French Course on the History of the Law of the Commons

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* Course (in French): 2nd and 4th Thursdays of the month from 9am to 11am. EHESS, 105 bd Raspail 75006 Paris, room 9



"Commons are the subject of an ever-increasing number of research programmes, based on the most diverse disciplinary approaches. The study of the commons feeds, and at the same time nourishes itself, from multiple historiographical traditions: from the "classical humanities" to the "wild humanity" of the post-colonial worlds, from Morgan's primitive communism to debates on the dynamics of enclosure or openness in the regulations of access to the commons of knowledge. The focus of the seminar will be historical and legal. The role of history is both central and ambiguous in the study of commons. The work on the commons, whatever the disciplines through which they are approached (law, anthropology, political studies, geography, sociology...), often include - as a necessary passage - a historical approach. This use of history raises a number of questions. What continuity can be traced between what are termed "historic" and interesting "communities" of modest size - and the "new commons", especially those of information and knowledge, or the "global commons" such as air or biodiversity? Attempting to develop a theoretical framework for these different lines of research - on historical commons, new commons and global commons - means avoiding the naturalisation of commons and taking stock of their instituted nature. There are debates on the relevance of historical references, such as enclosure. Different federating figures can be found in the study of the commons, from Elinor Ostrom to Carol M. Rose, who question the dynamics - also historical - between public and common and ask in a renewed way the question of "access" and the category of "public".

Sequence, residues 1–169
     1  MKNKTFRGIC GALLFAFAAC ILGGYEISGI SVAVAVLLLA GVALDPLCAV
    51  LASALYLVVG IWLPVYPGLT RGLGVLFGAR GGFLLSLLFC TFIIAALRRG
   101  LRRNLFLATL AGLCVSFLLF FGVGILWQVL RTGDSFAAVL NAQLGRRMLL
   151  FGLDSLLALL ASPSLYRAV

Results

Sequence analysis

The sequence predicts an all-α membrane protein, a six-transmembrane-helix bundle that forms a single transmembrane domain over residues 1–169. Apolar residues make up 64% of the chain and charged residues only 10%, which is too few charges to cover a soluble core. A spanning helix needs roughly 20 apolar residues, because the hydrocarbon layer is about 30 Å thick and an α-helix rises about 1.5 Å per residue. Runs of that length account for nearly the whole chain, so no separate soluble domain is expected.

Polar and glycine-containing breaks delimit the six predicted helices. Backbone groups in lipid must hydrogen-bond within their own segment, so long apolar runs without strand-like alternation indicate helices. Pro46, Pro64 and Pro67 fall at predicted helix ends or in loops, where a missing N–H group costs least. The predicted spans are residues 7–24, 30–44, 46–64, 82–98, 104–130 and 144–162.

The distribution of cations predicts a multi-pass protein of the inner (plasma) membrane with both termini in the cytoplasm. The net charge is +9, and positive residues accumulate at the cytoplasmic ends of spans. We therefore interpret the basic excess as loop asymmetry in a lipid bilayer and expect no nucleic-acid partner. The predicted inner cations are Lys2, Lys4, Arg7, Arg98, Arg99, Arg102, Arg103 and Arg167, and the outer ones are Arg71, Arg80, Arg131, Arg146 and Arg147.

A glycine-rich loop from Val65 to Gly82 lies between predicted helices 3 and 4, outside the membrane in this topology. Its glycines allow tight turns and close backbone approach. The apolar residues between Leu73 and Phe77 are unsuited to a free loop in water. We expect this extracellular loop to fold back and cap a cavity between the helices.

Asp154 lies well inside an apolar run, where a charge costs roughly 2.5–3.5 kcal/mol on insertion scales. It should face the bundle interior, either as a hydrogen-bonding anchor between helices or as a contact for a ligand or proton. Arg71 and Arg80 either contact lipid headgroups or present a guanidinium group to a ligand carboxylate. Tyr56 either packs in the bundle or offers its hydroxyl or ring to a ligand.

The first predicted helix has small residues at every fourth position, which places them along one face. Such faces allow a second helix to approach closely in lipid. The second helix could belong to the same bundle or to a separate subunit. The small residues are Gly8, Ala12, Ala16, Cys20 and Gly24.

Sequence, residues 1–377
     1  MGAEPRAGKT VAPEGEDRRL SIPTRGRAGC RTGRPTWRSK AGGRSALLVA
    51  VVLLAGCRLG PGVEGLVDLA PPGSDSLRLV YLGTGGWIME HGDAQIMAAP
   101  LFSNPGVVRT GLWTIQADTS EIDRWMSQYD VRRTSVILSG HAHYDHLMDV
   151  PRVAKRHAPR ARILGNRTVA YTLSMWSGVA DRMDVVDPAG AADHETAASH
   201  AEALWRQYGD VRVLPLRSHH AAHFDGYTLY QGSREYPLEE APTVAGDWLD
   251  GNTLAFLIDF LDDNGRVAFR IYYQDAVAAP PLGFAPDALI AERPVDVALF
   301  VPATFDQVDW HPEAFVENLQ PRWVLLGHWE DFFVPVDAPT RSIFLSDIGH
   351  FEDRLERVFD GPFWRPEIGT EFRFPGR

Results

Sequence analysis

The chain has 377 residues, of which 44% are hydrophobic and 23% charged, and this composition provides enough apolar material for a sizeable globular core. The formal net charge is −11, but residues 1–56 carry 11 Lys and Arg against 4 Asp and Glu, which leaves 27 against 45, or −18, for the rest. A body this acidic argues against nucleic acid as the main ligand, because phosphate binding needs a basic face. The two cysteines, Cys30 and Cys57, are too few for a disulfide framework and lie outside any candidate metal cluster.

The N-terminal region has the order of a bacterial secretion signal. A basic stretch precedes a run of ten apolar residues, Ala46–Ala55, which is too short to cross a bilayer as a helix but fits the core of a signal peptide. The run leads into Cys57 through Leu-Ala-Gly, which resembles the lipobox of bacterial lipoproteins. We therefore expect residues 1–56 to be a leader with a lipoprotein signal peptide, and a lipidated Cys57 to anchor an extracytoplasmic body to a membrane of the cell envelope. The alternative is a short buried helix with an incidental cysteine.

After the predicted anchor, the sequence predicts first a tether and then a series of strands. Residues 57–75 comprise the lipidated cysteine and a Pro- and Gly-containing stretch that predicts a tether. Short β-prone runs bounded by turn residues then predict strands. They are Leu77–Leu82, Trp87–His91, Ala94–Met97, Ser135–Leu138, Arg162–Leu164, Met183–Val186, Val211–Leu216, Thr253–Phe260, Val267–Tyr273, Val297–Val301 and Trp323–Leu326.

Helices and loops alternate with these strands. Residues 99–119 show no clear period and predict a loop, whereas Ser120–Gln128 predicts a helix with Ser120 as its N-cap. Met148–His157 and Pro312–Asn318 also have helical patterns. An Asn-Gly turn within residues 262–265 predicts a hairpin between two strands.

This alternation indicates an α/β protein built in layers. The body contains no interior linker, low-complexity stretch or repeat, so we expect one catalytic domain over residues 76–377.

We will focus in particular on the analysis of the triangulation between resources in the broadest sense of the term, actors' practices and the attribution of rights, which we consider to be the specific mark of the commons. Our attention will focus on the social dynamics that link a thing, resource, practice, experience or event to the identification of a collective of actors. We will observe the assembling and legal translations which are both the condition and the effect of this knotting. A historical and legal approach of the commons will enable us to isolate and analyse temporal sequences, in which the "collectives" come later than the "commons". We will give special emphasis to: 1) The role of private law in the institutional shaping of commons and 2) The various phenomena of the legal institution of resources or practices.

The seminar will alternate sessions in which we will study a rich literature on the history of common property and its legal status, cross-referencing the presentation of ongoing research and critical literature on the subject. And sessions where we will welcome researchers and research teams, who are interested in the commons from different disciplinary points of view."


9th november 2017

Alice Ingold (EHESS) et Michele Spanò (EHESS)

Common: between genealogical' impulse' and legal' institution

23th november 2017

Angelo Torre (Università del Piemonte Orientale)

Common: case studies and perspectives

14th december 2017

Alice Ingold (EHESS)

History and commons, an ambiguous report

11th january 2018

Michele Spanò (EHESS)

Materiality of the law. Edward P. Thompson and the Common Institution.

25th january 2018

Philippe Minard (EHESS)

Edward P. Thompson and the Commons: A Historical View

8th february 2018

Ferhat Taylan (Université de Liège)

From the Law of Nature to the Law of Common Environments: The Case of the Whanganui River and Beyond

22th february 2018

Aurore Chaigneau (Université de Paris Nanterre)

Common, a legal notion?

8th march 2018

Presentation and discussions on the Dictionary of Commons with its curators Marie Cornu (CNRS-ISP) Judith Rochfeld (Université Panthéon Sorbonne) and Fabienne Orsi (IRD, LPED)

22th march 2018

Pierre Thevenin (Sciences Po Paris)

Precariousness of the commons. Genealogies of a legal figure

12th april 2018

Séverine Dussolier (Sciences Po Paris)


24th may 2018

Robert Nichols (University of Minnesota)

Dispossession : A Conceptual Reconstruction

14th june 2018

Alice Ingold (EHESS) et Michele Spanò (EHESS)

Conclusions and outlook

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